On June 11, Judge Ahmadzadeh sentenced Victor Bet Tamraz, the former leader of Iran’s Assyrian Pentecostal Church, along with Christian converts Hadi Asgari and Kavian Fallah Mohammadi, to 10 years in prison. The judge sentenced Christian convert Amin Afshar Naderi to 15 years in prison. MOIS agents allegedly arrested these converts for participating in Christian activities or rituals.
Mohabat News reported that authorities summoned Sevada Aghasar, a member of the Armenian Orthodox Christian community, to Evin Prison on July 4, to begin serving a five-year prison sentence for violating national security through collusion and underground church gatherings. The government initially arrested Aghasar in 2013 along with two other Christians, and charged him with promoting Christianity on Facebook and contacting Persian speaking Christians. A revolutionary court in Tehran ultimately sentenced him in 2015.
Authorities continued to hold Ebrahim Firouzi, a former Muslim who converted to Christianity, in Rajai Shahr Prison since 2013, convicted of “collusion against national security” for converting to and practicing Christianity, and related missionary activities. As of year’s end, he was serving a five-year prison sentence that was upheld following multiple appeals. Mohabat News reported that after serving his prison sentence, Firouzi would be exiled to Sarbaz village in Sistan and Baluchistan Province. In August Mohabat News reported that Firouzi was one of the many prisoners of conscience abruptly transferred to a new ward in Rajai Shahr Prison, and that he had commenced a hunger strike to protest the prison’s deplorable conditions. While in prison, Firouzi’s health reportedly rapidly deteriorated, and prison authorities denied him permission to receive appropriate medical care.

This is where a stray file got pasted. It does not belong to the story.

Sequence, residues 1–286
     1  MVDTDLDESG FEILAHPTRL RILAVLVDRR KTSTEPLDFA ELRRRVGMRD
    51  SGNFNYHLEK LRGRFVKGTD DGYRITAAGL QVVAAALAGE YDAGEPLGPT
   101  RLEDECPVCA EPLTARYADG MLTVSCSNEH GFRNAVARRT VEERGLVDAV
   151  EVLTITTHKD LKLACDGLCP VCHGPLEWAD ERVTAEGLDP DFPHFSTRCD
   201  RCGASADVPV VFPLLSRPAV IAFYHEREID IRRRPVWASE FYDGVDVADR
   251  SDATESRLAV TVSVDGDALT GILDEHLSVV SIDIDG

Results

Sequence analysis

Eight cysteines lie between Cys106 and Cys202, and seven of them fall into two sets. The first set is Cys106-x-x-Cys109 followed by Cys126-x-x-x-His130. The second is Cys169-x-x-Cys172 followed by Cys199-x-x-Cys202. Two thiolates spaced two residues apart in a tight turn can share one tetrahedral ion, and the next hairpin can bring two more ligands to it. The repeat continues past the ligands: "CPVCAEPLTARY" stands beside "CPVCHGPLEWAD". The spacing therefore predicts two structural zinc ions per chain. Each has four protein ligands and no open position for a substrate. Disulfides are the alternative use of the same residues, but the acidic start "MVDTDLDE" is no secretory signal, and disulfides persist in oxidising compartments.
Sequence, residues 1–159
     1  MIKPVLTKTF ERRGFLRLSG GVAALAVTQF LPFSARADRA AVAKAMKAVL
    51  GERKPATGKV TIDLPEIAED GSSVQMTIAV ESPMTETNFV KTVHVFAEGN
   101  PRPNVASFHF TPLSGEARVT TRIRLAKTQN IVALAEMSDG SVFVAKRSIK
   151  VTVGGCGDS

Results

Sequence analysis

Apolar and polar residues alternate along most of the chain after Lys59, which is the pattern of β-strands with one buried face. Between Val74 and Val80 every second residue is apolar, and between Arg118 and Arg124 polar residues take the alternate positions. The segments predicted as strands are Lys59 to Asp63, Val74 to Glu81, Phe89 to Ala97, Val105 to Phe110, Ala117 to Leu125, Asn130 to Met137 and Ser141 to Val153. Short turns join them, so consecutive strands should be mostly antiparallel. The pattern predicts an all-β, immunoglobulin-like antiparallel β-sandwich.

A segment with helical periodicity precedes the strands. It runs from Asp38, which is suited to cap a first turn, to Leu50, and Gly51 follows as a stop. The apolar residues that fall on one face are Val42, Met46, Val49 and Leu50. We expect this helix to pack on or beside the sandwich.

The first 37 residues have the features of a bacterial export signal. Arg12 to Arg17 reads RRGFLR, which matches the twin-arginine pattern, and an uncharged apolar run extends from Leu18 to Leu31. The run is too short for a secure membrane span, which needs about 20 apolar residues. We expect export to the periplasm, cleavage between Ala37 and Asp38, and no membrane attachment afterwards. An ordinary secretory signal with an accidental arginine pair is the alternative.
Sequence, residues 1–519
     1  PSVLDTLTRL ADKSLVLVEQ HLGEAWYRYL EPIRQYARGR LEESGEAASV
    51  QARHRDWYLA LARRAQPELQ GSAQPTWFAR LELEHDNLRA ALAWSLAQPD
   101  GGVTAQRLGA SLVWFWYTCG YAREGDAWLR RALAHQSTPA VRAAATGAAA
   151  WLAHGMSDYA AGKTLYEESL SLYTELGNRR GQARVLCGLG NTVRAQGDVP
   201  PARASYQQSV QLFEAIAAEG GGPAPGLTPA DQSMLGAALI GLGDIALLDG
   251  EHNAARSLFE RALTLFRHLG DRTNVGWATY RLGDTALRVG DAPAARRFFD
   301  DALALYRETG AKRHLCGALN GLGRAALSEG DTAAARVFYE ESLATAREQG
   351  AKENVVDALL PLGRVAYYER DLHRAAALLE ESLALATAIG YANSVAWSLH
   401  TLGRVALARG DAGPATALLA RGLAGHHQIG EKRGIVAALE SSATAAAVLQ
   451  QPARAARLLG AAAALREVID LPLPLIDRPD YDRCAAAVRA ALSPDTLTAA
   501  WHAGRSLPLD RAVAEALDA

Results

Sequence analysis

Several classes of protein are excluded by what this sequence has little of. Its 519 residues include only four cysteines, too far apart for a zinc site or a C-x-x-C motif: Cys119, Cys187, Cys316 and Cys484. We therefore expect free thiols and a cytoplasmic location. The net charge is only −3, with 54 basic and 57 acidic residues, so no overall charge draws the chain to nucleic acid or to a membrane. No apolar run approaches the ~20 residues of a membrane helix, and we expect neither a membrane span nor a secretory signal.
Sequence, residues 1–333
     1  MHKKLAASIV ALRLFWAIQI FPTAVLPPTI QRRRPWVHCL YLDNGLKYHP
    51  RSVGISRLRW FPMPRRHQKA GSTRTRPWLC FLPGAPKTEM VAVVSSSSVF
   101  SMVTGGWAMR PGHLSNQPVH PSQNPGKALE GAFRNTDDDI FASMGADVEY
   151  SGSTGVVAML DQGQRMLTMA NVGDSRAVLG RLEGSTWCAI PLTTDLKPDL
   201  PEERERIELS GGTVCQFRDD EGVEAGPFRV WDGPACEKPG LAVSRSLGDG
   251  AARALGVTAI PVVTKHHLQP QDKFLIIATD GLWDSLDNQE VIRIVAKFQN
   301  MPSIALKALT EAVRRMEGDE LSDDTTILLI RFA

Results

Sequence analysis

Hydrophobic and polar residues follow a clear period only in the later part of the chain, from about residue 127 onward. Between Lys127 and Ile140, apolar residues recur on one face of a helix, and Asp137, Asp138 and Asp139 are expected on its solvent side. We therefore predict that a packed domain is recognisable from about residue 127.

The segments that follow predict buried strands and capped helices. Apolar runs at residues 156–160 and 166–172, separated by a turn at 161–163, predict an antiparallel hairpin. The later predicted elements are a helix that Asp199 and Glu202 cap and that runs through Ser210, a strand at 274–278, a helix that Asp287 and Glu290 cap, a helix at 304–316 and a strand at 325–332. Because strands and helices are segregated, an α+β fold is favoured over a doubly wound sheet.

CHRI reported that the government had prosecuted Firouzi three times since 2010 for converting from Islam to Christianity and organizing Christian religious meetings. After initially arresting Firouzi in January 2010, interrogators offered him freedom if he declared himself a Muslim. Firouzi refused to do so, and the revolutionary court in Karaj subsequently convicted him of “propaganda against the state.” After Firouzi was freed in 2011, authorities arrested him again in 2012 for “attempting to create a website teaching about Christianity” and charged him again with “propaganda against the state.” During interrogations following his third arrest in 2014, Firouzi was reportedly pressured to issue a false statement in exchange for freedom but again refused. According to the latest decision by the Appeals Court, Firouzi will remain in prison until at least 2019.
In her August 17 report, the UN special rapporteur highlighted the case of Catholic converts Anoohe Rezabakhsh and her son Sohail (Augustin) Zargarzadeh, who were arrested on February 20 in their home by the IRGC in Oroumiyeh, West Azerbaijan Province. According to CHRI, two plainclothes intelligence agents entered their home without prior notice and searched the premises, seizing personal items such as religious books. There was no subsequent information on the case.